STATES CHRONICLE – Struggling with any form of disease or disorder that doesn’t manifest any physical symptoms can be one of the most challenging things in a person’s life. This is, of course, available for some physical conditions, but it’s rarely as prominent as in mental issues. And there are many reasons as to why that’s so.
First of all, people are still people. So bullying, misbelief, and lack of awareness are a day to day issue for most people struggling with mental disorders. And this has to stop, as it leads to many unfortunate circumstances that could easily be prevented. In their decades-long fight against prejudice and misinformation, United States authorities urge people to go blue for the World Autism Day.
Instituted almost a decade ago, in 2007, by the United Nations, April 2nd is meant to raise awareness about the mental disorder and to raise funds for research. Coincidentally, it comes just two days after March has ended; a month designated Developmental Disabilities Month in 1987 by Ronald Reagan.
A great many number of businesses, organizations, and landmarks will “Light It Up Blue” in order to raise awareness about the condition. Many events will be held in order to raise funds and to raise awareness, with many American states and worldwide cities will do their best to promote knowledge about the disorder.
According to the Centers for Disease Control and Prevention, somewhere around one in 68 children is identified with an autism spectrum disorder is the United States. Meanwhile, on a global scale, one in 160 children is diagnosed with an autism spectrum according to the World Health Organization.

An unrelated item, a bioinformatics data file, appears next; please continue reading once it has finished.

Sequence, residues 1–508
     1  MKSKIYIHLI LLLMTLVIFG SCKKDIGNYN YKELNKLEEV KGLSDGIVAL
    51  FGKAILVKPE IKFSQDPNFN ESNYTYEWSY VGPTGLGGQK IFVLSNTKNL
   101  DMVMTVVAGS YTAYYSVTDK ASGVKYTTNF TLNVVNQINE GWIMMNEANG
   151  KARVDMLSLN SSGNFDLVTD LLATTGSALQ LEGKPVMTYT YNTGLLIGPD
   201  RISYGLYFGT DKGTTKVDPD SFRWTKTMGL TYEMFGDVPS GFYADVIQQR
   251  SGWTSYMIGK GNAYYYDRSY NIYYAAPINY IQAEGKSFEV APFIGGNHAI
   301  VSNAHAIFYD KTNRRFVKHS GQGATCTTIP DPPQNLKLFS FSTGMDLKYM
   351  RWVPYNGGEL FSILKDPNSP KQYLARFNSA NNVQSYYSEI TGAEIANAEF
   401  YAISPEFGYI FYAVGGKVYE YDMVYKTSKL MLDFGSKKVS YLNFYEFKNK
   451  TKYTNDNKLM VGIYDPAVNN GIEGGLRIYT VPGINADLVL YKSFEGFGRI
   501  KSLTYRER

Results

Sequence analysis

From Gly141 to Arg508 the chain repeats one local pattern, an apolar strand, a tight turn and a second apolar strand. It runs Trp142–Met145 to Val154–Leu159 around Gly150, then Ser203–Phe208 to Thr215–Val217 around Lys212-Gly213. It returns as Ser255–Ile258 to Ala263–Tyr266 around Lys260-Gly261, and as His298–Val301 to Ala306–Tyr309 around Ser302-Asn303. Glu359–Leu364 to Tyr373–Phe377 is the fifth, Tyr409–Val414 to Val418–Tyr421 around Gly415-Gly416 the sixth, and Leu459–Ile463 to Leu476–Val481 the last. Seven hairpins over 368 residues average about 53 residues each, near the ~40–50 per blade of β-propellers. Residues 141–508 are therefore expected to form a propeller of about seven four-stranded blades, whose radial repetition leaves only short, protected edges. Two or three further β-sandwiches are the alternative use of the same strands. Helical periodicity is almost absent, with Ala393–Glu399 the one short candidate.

And sadly, many things about the condition warrant clarification. Few people actually understand what a spectrum disorder is, so they assume that all people suffering from autism manifest in the same way. Instead, the condition can be far more varied and manifest in many different ways for many different people.
While it mostly revolves around social issues, communication issues, and repetitive behaviors, the manifested symptoms affect different abilities, pose different challenges, and hit people at widely varying severities. This is why autism spectrum disorders are so often misdiagnosed.
Raising awareness about the condition is pretty much a must, especially after the disturbing results of a study published last month. According to the Swedish and British researchers, some of those affected by more severe forms of autism die about thirty years earlier than the average population mostly due to seizures, while those affected by milder forms die on average some eighteen years earlier, with suicide as the leading cause of death.
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